WASHINGTON, April 30 (Xinhua) -- SpaceX's cargo resupply mission to the International Space Station (ISS) targeted for launch on Wednesday is delayed due to a malfunction on the space lab.
The launch of SpaceX's Falcon 9 rocket, carrying its Dragon spacecraft and about 2,500 kilograms of research, crew supplies, is pushed back to Saturday, according to NASA.
It will allow time for NASA's flight controllers to troubleshoot an issue in the space station's electrical power system. On Monday, an issue was identified with a distribution box in the ISS's electrical power system, according to NASA.
A Main Bus Switching Unit (MBSU) that distributes electrical power to two of the eight power channels on the station went awry. Electrical power generated by the station's solar arrays is fed to all station systems through those power channels.
The glitch poses no immediate concern to the station or its six-person crew, according to NASA, but one of the electrical channels may power the space station's robotic arm to be used to capture the Dragon spacecraft.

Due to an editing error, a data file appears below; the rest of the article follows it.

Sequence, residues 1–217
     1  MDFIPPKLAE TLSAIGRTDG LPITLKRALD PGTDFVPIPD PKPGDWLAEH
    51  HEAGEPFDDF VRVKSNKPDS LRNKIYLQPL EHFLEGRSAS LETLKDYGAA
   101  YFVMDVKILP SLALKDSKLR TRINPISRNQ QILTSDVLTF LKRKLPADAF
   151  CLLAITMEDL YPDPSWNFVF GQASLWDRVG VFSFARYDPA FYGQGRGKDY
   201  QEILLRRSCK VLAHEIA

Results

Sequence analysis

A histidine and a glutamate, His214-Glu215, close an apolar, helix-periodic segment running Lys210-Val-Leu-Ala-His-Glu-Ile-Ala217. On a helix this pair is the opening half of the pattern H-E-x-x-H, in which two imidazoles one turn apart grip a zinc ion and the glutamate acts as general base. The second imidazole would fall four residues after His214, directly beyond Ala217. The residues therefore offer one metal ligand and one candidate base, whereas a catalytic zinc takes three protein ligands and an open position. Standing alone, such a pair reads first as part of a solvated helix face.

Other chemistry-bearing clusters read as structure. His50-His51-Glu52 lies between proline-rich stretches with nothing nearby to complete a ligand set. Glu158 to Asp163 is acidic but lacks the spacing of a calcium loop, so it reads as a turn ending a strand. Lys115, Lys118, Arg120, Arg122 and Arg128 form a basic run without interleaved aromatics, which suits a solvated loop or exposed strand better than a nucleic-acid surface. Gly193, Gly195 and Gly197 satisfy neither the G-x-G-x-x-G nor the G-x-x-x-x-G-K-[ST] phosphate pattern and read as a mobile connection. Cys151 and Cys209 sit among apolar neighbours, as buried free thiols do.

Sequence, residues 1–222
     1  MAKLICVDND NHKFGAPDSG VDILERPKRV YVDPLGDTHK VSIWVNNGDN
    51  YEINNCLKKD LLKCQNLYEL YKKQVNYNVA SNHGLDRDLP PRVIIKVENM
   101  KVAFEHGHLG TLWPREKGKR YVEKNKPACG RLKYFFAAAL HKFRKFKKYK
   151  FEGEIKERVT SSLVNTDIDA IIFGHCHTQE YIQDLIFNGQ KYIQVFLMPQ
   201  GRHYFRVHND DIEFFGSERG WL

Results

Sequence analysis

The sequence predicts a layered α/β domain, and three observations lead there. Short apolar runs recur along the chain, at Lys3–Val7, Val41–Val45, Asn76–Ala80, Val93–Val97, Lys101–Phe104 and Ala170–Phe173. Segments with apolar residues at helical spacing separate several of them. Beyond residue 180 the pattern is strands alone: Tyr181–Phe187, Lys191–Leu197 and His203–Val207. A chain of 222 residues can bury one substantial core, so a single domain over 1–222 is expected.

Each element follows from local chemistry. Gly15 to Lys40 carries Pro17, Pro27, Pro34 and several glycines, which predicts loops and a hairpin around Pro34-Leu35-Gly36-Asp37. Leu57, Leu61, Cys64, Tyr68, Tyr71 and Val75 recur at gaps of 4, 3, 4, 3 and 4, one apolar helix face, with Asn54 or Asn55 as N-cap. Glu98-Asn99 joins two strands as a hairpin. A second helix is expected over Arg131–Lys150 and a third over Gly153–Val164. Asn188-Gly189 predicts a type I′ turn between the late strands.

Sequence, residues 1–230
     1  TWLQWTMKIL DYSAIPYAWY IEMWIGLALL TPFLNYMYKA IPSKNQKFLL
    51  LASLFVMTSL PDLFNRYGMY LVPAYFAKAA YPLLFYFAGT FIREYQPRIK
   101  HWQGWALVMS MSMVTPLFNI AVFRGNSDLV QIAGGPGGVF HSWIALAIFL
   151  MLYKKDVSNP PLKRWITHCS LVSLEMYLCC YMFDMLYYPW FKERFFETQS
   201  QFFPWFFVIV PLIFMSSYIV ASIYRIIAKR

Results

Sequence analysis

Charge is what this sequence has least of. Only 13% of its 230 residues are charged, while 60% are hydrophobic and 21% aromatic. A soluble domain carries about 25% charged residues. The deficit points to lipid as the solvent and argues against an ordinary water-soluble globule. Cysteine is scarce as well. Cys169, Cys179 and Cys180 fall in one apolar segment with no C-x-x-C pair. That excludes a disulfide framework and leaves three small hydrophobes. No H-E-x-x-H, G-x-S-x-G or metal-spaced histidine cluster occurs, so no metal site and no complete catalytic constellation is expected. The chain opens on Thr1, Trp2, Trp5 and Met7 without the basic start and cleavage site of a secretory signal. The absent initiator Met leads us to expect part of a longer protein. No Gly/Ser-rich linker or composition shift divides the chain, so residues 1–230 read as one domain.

The resupply mission, initially scheduled to launch on April 26, has been pushed back to April 30 due to "station and orbital mechanics constraints," and slipped again to Wednesday, or May 1.
Those delays happened after an anomaly occurred on April 20 during a testing of SpaceX's Crew Dragon's abort engines at a landing zone of Cape Canaveral Air Force Station, near the launching site. Therefore, SpaceX opted to land the first stage of the Falcon 9 rocket in the upcoming resupply mission on a drone ship just off the coast of Cape Canaveral.
On April 11, SpaceX successfully landed the center core of its Falcon Heavy rocket on a drone ship, but afterwards, the vehicle accidentally fell into the ocean while in transit to the Florida coast.